From Publishers Weekly
Stonich's rich debut is a romance in the best sense of the word: it's a tale of love and adventure set in a remote time. From her hospital bed, 99-year-old Isobel Howard recalls her unexpected friendship with Cathryn Malley, a childless, Chicago-born heiress who shunned her family, attended art school and married an Irishman with no pedigree. During the summer of 1936, the women find themselves alone in Cypress, a mining town on the edge of a glacier-fed lake in Minnesota. Isobel is the wife of a tailor, mother of three young children and a milliner by training whose husband, Victor, has taken their two boys away to an island he has purchased--an extravagance that has become a sore point in their marriage. Left behind with her quiet daughter, Louisa, Isobel revives her interest in hatmaking, and Cathryn helps her. During their shared days, Cathryn introduces Isobel to literature, art and a more cosmopolitan view of life, ultimately making Isobel an accomplice to the affair she is having with a local forest ranger. But there is a darker side to this idyll, and as the elderly Isobel reflects on the ensuing events, it is clear that this summer has exacted a heavy price. Sticklers for logic may question some turns of the story, and Stonich's prose, despite an eye for exquisite detail, occasionally succumbs to flights of lyrical fancy. But once past the unsteady opening chapters, the novel gains its footing and opens up into atmospherically rendered, carefully observed scenes. Stonich unfurls a complex, many-layered and suspenseful story; and, like Susan Minot and Anita Shreve, she handles flashbacks and contemporary details with equal precision. (Mar. 7)Forecast: Storich is a talented writer whose affecting novel is bound to create conversation--and to appeal to readers of serious women's fiction. With the push promised by the publisher (including a 3-city author tour), it could have legs.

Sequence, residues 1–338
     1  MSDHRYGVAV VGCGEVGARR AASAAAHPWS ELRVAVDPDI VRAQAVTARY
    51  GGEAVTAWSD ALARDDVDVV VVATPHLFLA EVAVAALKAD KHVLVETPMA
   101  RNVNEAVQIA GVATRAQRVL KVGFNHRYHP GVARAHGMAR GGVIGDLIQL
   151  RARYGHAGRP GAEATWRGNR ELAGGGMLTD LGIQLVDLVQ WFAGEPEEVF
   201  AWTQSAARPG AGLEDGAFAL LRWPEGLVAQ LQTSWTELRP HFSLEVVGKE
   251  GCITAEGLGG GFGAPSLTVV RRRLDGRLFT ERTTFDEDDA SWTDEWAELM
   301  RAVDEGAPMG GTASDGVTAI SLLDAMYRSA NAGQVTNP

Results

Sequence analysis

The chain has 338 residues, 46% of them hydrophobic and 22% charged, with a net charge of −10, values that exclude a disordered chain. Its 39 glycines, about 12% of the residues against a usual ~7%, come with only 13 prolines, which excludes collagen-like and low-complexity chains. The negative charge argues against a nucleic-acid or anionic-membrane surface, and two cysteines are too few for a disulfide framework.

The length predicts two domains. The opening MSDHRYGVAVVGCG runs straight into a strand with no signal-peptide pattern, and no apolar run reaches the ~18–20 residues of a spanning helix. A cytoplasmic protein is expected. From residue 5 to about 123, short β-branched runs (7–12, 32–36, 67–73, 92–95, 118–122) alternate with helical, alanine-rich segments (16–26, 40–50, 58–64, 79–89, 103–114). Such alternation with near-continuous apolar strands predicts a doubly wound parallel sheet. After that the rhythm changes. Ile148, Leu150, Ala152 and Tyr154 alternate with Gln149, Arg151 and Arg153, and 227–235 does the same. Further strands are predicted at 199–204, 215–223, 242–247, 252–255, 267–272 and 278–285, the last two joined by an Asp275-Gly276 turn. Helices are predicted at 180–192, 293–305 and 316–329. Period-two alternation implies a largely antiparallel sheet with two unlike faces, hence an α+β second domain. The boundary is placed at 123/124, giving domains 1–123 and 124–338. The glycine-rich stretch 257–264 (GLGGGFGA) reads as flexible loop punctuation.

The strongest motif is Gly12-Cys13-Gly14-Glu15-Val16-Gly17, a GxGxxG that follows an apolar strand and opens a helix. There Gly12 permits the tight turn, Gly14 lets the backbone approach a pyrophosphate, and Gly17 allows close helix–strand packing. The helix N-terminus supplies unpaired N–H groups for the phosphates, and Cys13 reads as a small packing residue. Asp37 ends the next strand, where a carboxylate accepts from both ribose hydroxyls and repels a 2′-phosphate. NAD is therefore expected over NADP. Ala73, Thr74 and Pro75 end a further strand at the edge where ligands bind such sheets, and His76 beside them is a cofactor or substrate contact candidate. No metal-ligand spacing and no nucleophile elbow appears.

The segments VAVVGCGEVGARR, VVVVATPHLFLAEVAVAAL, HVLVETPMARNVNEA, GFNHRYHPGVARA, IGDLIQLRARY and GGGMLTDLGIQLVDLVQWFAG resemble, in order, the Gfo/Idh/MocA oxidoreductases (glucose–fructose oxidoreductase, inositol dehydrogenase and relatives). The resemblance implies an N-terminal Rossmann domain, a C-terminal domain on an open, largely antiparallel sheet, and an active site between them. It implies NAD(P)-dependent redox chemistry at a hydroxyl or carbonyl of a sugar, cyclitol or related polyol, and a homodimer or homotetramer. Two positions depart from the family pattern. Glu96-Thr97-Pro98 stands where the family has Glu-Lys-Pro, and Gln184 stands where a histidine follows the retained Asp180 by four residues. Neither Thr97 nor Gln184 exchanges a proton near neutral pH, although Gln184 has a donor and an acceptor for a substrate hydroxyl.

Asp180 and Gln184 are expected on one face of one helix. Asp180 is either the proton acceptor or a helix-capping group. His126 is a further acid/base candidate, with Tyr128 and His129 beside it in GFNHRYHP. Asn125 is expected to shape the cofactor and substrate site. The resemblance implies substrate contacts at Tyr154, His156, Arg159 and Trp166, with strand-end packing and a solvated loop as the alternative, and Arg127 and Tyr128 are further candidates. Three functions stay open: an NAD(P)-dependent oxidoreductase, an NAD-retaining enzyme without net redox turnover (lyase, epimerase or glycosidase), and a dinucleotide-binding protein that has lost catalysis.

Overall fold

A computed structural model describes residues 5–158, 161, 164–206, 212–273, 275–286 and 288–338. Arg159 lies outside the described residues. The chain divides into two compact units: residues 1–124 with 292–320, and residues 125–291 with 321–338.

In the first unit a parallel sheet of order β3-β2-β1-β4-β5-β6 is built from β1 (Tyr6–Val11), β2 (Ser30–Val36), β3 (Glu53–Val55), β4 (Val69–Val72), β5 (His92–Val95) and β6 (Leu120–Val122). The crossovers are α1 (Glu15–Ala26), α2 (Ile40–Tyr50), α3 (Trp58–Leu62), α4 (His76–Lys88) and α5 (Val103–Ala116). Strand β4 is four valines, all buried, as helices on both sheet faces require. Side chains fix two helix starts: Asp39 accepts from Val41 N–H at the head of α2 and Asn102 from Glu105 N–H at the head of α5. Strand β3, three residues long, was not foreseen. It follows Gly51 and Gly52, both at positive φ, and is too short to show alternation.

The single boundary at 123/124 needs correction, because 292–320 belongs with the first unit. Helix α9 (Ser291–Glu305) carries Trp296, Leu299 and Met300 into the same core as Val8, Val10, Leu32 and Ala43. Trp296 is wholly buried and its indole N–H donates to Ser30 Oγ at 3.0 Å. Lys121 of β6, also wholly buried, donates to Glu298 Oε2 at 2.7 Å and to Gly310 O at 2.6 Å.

Copyright 2001 Cahners Business Information, Inc.
Isobel Howard leads a quiet life in the small mining town of Cypress, Minnesota. She cares for her three children, helps her husband run his tailoring shop, and dreams of opening a millinery. But after Victor leaves for the summer, taking their two sons with him, Isobel is lonely, and so she befriends Cathryn Malley, a young woman who has accompanied her husband to Cypress on business. Isobel and Cathryn become best friends, and Isobel soon discovers that Cathryn has a secret--a secret that will lead to her own death, as well as the death of her husband, Liam, and her lover, Jack. Cathryn's story, told by Isobel on her deathbed, is interwoven with Isobel's life story, and the passionate love triangle created by Cathryn, Liam, and Jack causes Isobel to reevaluate her own relationship with her husband. In delightfully clear and uncluttered prose, Stonich explores the grand themes of love, passion, forgiveness, and friendship and presents philosophical issues in the context of lives fully lived by vivid and convincing characters. Bonnie JohnstonCopyright © American Library Association. All rights reserved